Wearables are on the rise, and increasingly sophisticated biosensing devices have hit the market in recent years. Though the evidence on the best uses of wearable devices in improving outcomes for different populations is somewhat mixed, a recent case study published in the Annals of Emergency Medicine shows that a wearable activity tracker and smartphone app assisted emergency department (ED) staff when treating a man in his 40s in the midst of a self-limited grand mal seizure.
When the man came in to the ED, the staff noticed he had on a wearable device that tracks pulse rate. From there, they used the data to determine the timing of an arrhythmia episode and choose a rhythm conversion treatment approach. Typically in this kind of situation, the physician has to go on the patient’s self-reported symptoms to determine treatment. But in this case, having the pulse rate readings helped the medical team determine a more precise diagnosis and treatment course. Unlike a medical monitor that can identify the type of arrhythmia present, the wearable device only determined the pulse rate. However, other mobile apps can determine rhythm as well as pulse.
According to the case study, this was the first known instance of an ED team being able to use the information from an activity tracker to assist in specific medical decision-making. The increased use of these devices has the potential to provide physicians with objective information that could help guide diagnosis and treatment quicker.
Related: The need for improved emergency department decision aids has garnered attention in recent months. Another development that may help emergency department professionals is improved shared decision-making tools. Although shared-decision making between physicians and patients is common in outpatient visits, where physicians can share pamphlets, interactive computer programs, or risk calculators, the ED is sometimes considered a less-conducive environment for that type of collaboration. EDs often are chaotic and fast-paced in nature. But there is increasing evidence that decision-making tools can be useful in the ED, especially in non-life threatening situations. These may include patients with acute appendicitis who may be treated with antibiotics instead of surgery, adults with chest pain who are not having a heart attack and who may opt against more extensive tests, and mild head injuries that may not require imaging.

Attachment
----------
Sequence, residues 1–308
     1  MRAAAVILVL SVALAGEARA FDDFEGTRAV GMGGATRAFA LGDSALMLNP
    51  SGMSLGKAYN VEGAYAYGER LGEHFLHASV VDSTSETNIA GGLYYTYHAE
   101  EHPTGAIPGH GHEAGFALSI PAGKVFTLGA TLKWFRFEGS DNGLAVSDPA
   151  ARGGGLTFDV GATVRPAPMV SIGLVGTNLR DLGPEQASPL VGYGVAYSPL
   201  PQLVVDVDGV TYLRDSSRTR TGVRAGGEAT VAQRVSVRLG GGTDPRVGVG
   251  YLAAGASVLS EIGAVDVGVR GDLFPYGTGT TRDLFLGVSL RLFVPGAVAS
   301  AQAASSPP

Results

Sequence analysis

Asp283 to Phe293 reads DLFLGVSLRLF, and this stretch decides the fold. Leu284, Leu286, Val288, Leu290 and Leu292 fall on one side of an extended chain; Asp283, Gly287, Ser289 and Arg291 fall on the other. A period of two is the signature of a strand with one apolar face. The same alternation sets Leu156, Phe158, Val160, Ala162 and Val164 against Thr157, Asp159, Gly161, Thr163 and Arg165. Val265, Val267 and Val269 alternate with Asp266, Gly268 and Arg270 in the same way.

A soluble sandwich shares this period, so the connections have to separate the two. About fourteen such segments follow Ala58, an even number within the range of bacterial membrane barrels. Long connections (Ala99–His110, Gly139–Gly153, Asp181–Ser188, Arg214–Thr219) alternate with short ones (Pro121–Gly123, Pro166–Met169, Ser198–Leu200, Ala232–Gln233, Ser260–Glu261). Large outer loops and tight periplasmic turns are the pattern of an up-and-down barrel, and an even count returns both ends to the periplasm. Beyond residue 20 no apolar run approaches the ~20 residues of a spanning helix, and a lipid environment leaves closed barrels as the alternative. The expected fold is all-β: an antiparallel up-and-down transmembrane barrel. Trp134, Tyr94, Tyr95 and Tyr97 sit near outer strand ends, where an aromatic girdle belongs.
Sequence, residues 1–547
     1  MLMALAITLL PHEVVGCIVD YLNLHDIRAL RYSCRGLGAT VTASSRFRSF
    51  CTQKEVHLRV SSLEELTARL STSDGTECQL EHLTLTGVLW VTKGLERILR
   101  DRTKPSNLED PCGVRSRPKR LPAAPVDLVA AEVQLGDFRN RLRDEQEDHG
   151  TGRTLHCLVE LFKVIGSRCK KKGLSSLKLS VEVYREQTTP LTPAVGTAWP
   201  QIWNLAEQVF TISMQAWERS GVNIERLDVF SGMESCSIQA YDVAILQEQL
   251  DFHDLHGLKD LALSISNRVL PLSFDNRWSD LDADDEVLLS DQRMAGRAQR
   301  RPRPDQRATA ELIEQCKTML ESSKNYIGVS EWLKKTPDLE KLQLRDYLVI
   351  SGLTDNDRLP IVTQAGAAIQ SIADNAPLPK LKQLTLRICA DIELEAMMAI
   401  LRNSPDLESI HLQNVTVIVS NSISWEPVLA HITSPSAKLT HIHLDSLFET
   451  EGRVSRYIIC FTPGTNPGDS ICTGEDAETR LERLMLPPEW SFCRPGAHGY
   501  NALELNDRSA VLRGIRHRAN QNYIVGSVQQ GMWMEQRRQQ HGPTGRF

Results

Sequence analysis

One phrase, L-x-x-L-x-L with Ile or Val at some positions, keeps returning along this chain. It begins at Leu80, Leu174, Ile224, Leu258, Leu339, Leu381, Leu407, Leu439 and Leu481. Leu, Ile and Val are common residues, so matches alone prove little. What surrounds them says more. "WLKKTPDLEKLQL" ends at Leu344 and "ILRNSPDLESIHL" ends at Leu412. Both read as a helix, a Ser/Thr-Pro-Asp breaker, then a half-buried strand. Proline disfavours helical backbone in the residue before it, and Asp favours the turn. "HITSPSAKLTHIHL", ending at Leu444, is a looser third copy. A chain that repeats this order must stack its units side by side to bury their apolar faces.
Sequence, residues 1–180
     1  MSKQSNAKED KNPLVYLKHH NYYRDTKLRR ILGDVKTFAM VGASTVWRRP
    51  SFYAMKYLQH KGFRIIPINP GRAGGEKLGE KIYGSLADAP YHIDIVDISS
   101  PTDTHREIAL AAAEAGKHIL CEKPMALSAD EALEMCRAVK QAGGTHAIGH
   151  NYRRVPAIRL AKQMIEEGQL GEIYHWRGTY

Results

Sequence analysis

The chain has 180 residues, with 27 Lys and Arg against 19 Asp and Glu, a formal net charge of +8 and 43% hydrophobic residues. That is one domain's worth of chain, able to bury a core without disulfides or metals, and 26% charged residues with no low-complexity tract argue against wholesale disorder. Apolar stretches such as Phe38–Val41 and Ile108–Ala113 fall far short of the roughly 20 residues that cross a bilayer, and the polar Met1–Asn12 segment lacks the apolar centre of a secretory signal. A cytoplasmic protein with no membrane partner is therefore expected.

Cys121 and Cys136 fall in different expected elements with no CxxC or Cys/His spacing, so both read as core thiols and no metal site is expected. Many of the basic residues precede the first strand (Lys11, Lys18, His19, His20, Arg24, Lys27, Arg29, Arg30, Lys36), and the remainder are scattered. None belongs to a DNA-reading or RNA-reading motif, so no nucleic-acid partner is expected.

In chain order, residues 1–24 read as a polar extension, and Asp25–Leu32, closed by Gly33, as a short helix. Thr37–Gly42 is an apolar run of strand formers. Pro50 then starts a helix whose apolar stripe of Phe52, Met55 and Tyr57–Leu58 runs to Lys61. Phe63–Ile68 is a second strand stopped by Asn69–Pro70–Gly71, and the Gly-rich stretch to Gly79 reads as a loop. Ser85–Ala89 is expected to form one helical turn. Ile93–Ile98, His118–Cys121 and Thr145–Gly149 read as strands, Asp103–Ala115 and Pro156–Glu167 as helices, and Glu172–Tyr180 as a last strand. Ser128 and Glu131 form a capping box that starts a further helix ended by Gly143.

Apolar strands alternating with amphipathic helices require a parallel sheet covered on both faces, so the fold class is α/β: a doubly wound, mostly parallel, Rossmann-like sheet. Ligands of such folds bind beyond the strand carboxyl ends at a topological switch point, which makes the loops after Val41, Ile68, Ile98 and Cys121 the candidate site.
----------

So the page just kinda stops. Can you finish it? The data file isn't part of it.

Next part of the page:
The Society for Academic Emergency Medicine is hosting a conference in May to identify which diseases and conditions seen in the ED would benefit most from shared decision-making aids. The Mayo Clinic is also developing such aids. The Mayo Clinic’s Chest Pain Choice includes information on the diagnosis, displays a 45-day risk of heart attack, and options for care such as observation testing. Early testing has shown that patients who use the tool increased their knowledge of options and were less likely to receive cardiac testing, without putting their health at risk. The Patient Centered Outcomes Research Institute (PCORI) authorized in the ACA to improve the quality and relevance of evidence available to help health care stakeholders make informed health decisions, recently announced funding for ED decision-making aids as well.
(Source: Joshua Rudner et al, “Interrogation of patient smartphone activity tracker to assist arrhythmia management,” Annals of Emergency Medicine, April 2016; Laura Landro, “New tools help patients make tough decisions in the ER, Wall Street Journal, April 25, 2016)
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